In much of my work, I am asked to facilitate or design activities that are accessible to people on the Autism Spectrum. As it happens, this is not rocket science. People with autism do not need to play ‘autism soccer’ or play the ‘autism guitar’. I have not had to create a whole world of activities that did not previously exist. Instead, I tend to support activities that are already fun with clear expectations, and structured choices.
Visual support, or visually based expectations is a way of being respectful to a variety of learning and communication methods. However, all the visual support in the world cannot make a lame activity fun, and planning activities that are actually fun is also a sign of respect.
In the photo above, I am explaining how I want group members to act, using a list of expectations. This particular group of kids can read, and have done groups like this before, so the list is targeted towards them. As they read the expectations, we run through scenarios that could happen, such as not wanting to play a game that is on the schedule. When we read the part that says ‘we can choose which activities we want to do’, I ask them to demonstrate various methods for opting out, such as verbalizing ‘I don’t want to play this one’, or sitting in a place we’ve designated as an ‘I’m not participating right now’ place. These opt-out methods can be supported visually as well.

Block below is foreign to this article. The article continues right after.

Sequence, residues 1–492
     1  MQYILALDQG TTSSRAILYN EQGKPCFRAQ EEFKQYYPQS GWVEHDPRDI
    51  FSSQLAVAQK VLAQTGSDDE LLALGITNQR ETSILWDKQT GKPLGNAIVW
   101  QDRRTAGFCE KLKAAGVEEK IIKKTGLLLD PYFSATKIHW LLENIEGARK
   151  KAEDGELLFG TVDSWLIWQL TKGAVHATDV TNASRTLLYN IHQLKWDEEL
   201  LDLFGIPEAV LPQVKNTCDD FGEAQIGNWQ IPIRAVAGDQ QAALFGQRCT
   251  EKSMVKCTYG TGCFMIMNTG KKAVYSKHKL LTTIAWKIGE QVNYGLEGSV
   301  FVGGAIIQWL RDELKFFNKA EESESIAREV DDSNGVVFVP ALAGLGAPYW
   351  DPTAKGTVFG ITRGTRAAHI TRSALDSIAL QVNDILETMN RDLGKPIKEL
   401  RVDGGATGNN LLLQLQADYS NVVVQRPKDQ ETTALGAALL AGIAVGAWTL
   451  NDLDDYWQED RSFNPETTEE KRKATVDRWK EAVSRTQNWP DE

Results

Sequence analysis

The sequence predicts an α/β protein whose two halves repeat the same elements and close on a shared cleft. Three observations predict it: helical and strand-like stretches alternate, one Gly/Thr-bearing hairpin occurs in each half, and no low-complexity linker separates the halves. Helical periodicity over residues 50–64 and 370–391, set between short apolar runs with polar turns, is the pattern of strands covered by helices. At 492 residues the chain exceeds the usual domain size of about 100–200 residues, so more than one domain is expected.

Usually, allowing participation to be optional is respectful in a recreation setting. However, I have known individuals who respond better to different kinds of choices, such as “what you eat for snack is a choice, but soccer practice is not a choice”.
I’ve found that most people with autism can enjoy a huge variety of activities, despite their purported rigidity and restricted interests, when the activities are explained clearly, and they are empowered with choices about their level of participation.